Like many other PowerShell cmdlets, the AD group cmdlets have a Credential parameter. By default, whenever you run an AD group cmdlet, it uses your logged-in credentials to query Active Directory. This behavior dictates you need to be on a domain-joined computer logged in as an Active Directory user that has permission.

But what if you’re on a workgroup computer or need to authenticate to AD as a different user? In that case, you can use the Credential parameter. This parameter allows you to specify a username and password to use for authentication.

For example, perhaps your user account doesn’t have the right to perform an AD task. You have a service account with additional rights. You can be logged in as a standard user yet still authenticate with the service account as shown below.

The Get-Credential cmdlet prompts for a username/password to create a credential. This credential is then passed to the Get-AdGroup cmdlet for authentication.

Get-ADGroup -Identity 'HR' -Credential (Get-Credential)

The Credential parameter is ubiquitous in PowerShell for providing authentication credentials. For more information, read Using the PowerShell Get-Credential cmdlet and all things credentials.

Getting Group Members with Get-ADGroup?

It may sound counterintuitive but you can also get group members with the Get-ADGroup cmdlet also.

It turns out that Get-ADGroup returns a property for each group called members. This is a collection of AD objects that are members of a group.

For example, to find group members in that HR group again without using Get-ADGroupMember, you could do something like this:

Get-ADGroup -Identity 'HR' -Properties members

Why use this method over the other? The main difference is that the members properties contains all types of AD objects – not just users, computers, and other groups.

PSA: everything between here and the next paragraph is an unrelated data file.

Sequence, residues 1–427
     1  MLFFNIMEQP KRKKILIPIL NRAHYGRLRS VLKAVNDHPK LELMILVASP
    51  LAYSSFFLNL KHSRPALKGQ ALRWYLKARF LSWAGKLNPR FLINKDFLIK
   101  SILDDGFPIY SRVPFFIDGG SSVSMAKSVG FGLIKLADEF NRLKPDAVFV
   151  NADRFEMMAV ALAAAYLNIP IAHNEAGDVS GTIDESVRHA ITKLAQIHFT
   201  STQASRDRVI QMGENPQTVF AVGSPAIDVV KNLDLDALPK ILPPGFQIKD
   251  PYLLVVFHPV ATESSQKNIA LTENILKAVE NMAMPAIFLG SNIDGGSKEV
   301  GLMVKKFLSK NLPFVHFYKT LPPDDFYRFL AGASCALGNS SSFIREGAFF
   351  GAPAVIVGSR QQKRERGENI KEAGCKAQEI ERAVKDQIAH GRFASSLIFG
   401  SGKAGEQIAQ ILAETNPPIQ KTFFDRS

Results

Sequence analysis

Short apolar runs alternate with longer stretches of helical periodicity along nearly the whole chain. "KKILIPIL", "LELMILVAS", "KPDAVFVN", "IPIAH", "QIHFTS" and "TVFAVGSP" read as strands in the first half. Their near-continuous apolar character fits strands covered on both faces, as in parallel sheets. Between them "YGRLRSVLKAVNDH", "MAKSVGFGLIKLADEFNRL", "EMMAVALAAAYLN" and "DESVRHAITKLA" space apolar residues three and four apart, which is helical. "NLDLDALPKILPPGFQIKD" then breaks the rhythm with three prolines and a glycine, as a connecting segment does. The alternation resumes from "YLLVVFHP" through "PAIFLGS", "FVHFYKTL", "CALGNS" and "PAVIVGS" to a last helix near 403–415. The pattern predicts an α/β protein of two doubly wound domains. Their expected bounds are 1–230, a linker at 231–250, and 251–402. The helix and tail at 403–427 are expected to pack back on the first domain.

Perhaps you have contacts inside of various groups. When you run Get-ADGroupMember, those contacts would not show up. But if you tell Get-ADGroup to return all members in that group along with expanding that collection as shown below, you’ll see the contacts.

Get-ADGroup -Identity 'HR' -Properties members | Select-Object -ExpandProperty members

Finding Specific AD Attributes

In the basics section above, you simply were returning all groups and group members. The information returned for each group and group member is only a subset of the AD attributes associated with each type of object.

Maybe you want to see a user account’s email address, last logon date, or other associated AD attribute? To do this, you’ll need to get creative.

Perhaps you were able to find all of the group members in the HR group but need to also see each user account’s email address?

$groupMembers = (Get-ADGroup -Identity 'HR' -Properties members).members
$groupMembers | Select-Object -Property Name, @{Name='Member';exp={Get-AdUser -Identity $_.Name -Properties emailAddress,lastlogonDate}}

Filtering Results

Up to this point, you’ve found all groups and group members, but in a day-to-day work environment, you rarely need to do this. Chances are, you’ll need to only find a limited number of each item. The AD group cmdlets have a few ways you can handle this.

The Filter Parameter

As mentioned earlier, both cmdlets have the Filter parameter. This parameter allows you to limit what is returned in many different ways outside the scope of this article.

Using the Filter parameter, you can limit results by any AD attribute such as name, group type, email address, last logon for users and so on.

For example, perhaps you want to find only security groups. In that case, you’d specify a GroupCategory attribute and set a condition to ensure only Security groups are returned.

Get-ADGroup -Filter 'GroupCategory -eq "Security"'

Maybe you want to find all security groups but they must not be domain local groups. You’d then add another condition (this time using the -ne operator) to prevent any domain local groups from being returned.

Get-ADGroup -Filter 'GroupCategory -eq "Security" -and GroupScope -ne "DomainLocal"'

If you’d like to learn how to create query filters, be sure to check out Learning Active Directory and LDAP Filters in PowerShell.